A spokesperson for Russell Coutts’s SailGP denies Ian Taylor’s claim that Coutts threatened court action to Taylor directly over possible copyright infringement by Taylor’s company Animation Research.

BusinessDesk spoke to Taylor yesterday following news of legal action by Coutts-led companies Oracle Racing and SailGP, against TV graphics used by Taylor’s company Animation Research Limited in December’s Prada Cup event in Auckland, and to be used in March's America's Cup broadcasting.

Oracle Racing and SailGP’s graphics technology is called LiveLine.

Taylor told BusinessDesk: “Russell’s response to me was, even if it looks anything like LiveLine, I hope you’ve got deep pockets because you’ll be in court. That was his response,” when recounting discussing with Coutts ARL’s work on the 36th America’s Cup TV graphics for Team New Zealand.

The spokesperson said SailGP chief executive Coutts denies having ever made these comments to Taylor. 

The following statement was also provided, attributed to Coutts: “We are simply seeking to safeguard IP [intellectual property] that we invested millions of dollars to develop over the last decade.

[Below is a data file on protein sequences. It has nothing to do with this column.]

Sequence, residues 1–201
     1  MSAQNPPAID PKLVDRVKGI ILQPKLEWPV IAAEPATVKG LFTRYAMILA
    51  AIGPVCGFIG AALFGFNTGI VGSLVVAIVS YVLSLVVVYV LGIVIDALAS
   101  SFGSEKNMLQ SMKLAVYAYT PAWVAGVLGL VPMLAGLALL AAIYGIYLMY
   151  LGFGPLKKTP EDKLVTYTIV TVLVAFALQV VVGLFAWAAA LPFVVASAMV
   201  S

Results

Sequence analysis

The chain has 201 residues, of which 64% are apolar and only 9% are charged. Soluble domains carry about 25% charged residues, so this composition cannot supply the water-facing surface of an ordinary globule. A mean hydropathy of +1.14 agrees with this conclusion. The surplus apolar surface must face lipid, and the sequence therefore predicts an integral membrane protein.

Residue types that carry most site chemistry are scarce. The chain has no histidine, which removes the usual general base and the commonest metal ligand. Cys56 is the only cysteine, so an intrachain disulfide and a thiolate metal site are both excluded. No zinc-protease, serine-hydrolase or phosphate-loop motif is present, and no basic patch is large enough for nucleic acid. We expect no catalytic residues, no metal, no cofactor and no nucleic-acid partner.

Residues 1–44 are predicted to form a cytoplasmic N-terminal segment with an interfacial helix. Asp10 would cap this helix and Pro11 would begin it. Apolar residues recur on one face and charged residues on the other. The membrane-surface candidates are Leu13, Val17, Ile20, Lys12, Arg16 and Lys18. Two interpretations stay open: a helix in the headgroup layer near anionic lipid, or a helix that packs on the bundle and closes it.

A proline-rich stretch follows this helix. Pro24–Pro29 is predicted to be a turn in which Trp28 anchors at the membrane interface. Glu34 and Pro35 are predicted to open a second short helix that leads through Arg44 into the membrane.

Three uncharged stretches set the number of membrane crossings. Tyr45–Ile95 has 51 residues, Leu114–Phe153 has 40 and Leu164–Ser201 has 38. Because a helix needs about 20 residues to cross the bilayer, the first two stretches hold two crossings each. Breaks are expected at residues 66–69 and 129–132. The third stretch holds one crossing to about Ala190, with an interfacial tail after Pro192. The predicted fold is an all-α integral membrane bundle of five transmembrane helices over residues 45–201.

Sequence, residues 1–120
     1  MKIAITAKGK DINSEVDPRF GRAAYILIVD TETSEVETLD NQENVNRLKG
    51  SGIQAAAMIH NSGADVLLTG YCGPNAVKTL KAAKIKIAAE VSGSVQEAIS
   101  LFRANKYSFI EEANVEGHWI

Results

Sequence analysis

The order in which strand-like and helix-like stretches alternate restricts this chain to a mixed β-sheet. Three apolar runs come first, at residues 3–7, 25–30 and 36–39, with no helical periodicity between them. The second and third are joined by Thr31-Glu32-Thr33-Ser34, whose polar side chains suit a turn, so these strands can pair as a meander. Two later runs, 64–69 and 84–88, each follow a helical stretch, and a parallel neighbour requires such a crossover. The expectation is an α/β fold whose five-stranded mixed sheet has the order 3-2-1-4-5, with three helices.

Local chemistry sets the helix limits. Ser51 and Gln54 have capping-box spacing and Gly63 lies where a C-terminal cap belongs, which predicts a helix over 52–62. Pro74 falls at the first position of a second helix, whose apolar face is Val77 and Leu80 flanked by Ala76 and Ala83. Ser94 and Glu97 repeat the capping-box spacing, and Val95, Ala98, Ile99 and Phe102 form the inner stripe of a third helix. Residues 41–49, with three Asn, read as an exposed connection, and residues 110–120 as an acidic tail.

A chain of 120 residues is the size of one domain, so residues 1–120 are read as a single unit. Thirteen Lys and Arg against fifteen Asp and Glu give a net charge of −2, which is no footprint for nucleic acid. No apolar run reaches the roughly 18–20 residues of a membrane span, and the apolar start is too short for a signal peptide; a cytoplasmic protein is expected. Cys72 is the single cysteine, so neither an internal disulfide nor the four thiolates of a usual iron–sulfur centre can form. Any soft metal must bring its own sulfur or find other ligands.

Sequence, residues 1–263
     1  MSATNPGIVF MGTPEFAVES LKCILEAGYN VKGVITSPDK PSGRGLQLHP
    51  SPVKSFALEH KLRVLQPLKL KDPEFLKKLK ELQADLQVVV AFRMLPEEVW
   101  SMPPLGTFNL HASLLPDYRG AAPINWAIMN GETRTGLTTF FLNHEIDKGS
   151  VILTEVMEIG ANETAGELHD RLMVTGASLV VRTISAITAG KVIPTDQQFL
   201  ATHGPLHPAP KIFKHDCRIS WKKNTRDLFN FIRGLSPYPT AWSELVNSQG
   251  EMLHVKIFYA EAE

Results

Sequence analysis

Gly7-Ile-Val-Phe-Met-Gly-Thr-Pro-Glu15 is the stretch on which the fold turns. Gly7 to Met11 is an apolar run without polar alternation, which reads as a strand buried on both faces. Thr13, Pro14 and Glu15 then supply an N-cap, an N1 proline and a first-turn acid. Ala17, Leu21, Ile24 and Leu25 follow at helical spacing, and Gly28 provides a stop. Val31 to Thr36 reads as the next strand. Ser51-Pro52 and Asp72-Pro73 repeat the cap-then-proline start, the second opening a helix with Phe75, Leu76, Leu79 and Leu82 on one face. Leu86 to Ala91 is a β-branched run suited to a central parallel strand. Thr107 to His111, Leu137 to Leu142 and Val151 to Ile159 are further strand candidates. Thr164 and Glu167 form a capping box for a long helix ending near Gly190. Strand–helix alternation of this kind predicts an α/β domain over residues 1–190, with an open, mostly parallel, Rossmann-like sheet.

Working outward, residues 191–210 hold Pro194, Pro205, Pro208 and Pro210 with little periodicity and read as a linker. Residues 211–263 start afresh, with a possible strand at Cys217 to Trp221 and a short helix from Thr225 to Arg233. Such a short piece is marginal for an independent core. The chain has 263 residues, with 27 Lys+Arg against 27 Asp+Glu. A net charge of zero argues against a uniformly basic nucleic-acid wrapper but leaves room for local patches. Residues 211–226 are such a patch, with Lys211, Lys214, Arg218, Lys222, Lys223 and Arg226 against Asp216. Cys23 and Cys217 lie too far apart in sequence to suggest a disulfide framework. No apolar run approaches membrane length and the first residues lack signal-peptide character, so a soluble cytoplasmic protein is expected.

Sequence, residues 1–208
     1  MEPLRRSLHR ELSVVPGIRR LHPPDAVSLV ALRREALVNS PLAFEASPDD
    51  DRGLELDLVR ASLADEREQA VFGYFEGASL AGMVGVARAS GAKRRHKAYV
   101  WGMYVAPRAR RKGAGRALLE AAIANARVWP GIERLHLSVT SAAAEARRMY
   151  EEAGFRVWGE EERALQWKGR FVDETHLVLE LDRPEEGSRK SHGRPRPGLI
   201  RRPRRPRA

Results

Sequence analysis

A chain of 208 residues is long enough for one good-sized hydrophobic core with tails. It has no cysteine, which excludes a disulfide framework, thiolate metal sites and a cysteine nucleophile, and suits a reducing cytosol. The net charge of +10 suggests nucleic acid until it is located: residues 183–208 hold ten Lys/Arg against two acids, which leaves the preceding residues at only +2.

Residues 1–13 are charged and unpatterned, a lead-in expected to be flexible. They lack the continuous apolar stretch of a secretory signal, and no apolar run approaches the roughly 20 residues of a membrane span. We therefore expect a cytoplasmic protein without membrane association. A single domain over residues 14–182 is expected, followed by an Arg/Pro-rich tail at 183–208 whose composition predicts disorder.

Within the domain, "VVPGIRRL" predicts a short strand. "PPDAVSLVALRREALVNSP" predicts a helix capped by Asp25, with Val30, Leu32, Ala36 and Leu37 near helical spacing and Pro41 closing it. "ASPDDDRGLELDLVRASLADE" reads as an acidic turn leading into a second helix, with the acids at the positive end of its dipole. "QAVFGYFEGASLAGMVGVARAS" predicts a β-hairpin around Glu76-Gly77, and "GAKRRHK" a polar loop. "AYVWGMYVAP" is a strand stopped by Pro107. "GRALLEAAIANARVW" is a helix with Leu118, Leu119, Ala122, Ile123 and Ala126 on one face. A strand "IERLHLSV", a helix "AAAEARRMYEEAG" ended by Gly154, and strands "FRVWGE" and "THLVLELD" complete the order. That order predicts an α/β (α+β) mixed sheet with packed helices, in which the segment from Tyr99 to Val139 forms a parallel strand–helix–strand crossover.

"We prefer not to be forced to protect our rights via legal processes, but as with all copyrighted material, it must be licensed for use by commercial entities. We have requested that the current America’s Cup organisers either avoid infringement by revising their graphics, or pay an appropriate license fee.”

As reported in December, Taylor said he and ARL were tasked with redesigning the graphics for the Cup to avoid infringing on copyright held by Coutts’ sailing interests, the US-based companies Oracle Racing and SailGP.

These interests sent a notice threatening legal action against three entities in a communication on Dec. 23.

BusinessDesk understands Team New Zealand was offered access to Oracle software at a cost that it regarded as exorbitant, particularly given its view that the Oracle product drew on graphics software developed by ARL. Taylor said yesterday that ARL does not copyright its graphics software.

Taylor said the legal action is against the visual look of the graphics rather than the underlying technology and that ARL pioneered the look as far back as 1992 for the America's Cup in San Diego.

“We looked at that and thought, that would be debatable,” he said yesterday. “We can just agree with him and say, alright let’s say we agree with you, now here’s our picture from 1992, which you copied. And we’ve got those pictures, it’s all over YouTube.”